It examines highly cited papers, and lists prominent and productive scientists in this field. It also provides suggestions
for accelerating condensed matter research in India.
The paper reviews the present status of Indian physics research, in particular its nature of research system, nature of institutions
involved, type of education offered and outturn at postgraduate and Ph.D level, the extent to which extra-mural funding support
is available from various governmental R&D agencies, and the nature of professional organizations involved. The study is based
on analysis of Indian physics output, as indexed in Expanded Science Citation Index (Web of Science) during 1993–2001. The
study also discusses various features of Indian physics research such as its growth in terms of research papers, institutional
publication productivity, nature of collaboration, and the quality and impact of its research output.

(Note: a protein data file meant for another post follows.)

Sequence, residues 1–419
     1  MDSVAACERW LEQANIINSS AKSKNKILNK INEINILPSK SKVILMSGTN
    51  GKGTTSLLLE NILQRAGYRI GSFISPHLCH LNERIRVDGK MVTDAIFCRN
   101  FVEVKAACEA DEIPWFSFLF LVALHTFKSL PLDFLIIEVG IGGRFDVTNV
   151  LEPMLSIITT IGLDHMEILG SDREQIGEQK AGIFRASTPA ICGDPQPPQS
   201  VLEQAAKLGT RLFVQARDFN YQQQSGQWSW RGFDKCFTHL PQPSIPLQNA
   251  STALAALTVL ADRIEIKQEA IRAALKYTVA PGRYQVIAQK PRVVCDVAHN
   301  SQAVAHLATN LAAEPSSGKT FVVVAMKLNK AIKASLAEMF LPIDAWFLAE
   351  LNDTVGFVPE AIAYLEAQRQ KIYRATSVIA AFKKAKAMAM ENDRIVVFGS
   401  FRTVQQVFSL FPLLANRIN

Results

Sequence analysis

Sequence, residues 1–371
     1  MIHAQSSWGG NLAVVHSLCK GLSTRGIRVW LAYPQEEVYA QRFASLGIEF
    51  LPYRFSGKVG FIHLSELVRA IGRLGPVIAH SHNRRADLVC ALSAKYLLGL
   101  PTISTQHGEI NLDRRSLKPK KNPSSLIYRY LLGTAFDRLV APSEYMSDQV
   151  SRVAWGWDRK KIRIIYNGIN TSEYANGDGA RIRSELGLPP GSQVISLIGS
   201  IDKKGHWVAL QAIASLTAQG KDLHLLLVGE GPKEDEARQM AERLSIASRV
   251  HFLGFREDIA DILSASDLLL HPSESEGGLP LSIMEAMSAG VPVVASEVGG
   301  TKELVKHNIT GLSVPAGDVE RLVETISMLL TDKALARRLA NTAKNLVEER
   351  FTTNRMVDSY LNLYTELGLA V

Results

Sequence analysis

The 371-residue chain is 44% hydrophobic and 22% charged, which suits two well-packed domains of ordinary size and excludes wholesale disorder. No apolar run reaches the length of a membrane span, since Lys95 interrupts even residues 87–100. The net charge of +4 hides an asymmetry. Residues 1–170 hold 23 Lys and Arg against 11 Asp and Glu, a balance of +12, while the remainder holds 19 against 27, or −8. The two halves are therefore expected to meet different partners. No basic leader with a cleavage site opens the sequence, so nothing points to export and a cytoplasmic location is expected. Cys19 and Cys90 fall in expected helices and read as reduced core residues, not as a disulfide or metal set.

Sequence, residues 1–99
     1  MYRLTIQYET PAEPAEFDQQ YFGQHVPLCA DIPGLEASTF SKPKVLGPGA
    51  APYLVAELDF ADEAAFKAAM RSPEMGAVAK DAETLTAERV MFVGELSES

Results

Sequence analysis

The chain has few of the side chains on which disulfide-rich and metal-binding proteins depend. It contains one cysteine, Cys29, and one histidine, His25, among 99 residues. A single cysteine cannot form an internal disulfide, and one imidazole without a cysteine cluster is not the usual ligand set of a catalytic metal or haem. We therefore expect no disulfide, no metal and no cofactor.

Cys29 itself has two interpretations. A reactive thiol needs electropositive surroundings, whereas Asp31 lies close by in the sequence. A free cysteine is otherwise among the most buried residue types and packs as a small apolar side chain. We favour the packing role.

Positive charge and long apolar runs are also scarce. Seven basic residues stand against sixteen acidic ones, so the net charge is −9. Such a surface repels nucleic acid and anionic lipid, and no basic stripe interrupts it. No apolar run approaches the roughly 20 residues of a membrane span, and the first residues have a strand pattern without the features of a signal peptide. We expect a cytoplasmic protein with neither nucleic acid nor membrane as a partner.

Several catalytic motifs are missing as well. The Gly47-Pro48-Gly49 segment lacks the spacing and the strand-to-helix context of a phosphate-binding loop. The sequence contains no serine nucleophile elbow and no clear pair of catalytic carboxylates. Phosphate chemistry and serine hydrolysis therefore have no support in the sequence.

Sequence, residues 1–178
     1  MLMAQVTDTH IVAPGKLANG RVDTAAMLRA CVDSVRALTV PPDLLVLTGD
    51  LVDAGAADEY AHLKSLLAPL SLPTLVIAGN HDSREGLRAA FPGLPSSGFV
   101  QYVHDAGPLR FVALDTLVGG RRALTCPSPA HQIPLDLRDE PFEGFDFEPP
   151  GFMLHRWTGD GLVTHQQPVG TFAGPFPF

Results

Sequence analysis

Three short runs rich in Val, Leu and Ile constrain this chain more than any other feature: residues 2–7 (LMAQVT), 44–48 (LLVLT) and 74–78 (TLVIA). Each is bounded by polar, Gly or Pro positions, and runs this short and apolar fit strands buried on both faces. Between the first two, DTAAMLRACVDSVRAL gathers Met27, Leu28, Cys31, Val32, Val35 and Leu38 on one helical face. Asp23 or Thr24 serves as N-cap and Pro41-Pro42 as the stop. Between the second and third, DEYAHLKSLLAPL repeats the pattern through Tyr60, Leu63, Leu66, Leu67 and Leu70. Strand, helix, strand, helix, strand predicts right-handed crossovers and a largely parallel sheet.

The Parliament, the highest legislative body in India, plays a significant role in formulating national policies. It is, therefore, pertinent to find the concern the Members of Parliament and different political parties show and the priorities they accord to the S&T related issues. They can judge it statistically through the number of questions raised/asked on the floor of the House. The study presents such an analysis taking the example from the S&T questions raised in the year 1992 during the Tenth Parliament. The analysis has been done by dividing the S&T related issues into 14 socio-economic areas, such as environmental sciences, biotechnology, energy, food and agriculture, health, natural resources, telecommunications, human resource development, etc. and eight policy areas such as technology policy, international collaborations in S&T, etc. The raising of S&T questions jointly by MPs and different political parties through inter-party and intra-party sponsorships has also been studied. Such an analysis may provide an important basis to the managers and policy makers in formulating the S&T policy of a country.